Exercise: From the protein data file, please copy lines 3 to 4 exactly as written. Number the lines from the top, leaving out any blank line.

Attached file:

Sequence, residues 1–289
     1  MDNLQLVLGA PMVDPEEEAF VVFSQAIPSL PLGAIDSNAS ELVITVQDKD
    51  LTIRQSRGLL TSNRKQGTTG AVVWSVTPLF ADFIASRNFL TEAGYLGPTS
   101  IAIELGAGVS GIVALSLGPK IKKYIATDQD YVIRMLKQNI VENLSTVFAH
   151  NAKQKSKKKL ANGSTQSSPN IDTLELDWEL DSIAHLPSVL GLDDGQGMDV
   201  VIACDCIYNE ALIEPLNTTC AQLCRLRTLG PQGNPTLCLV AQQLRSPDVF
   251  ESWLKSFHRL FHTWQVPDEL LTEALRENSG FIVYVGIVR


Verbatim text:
    51  LTIRQSRGLL TSNRKQGTTG AVVWSVTPLF ADFIASRNFL TEAGYLGPTS
   101  IAIELGAGVS GIVALSLGPK IKKYIATDQD YVIRMLKQNI VENLSTVFAH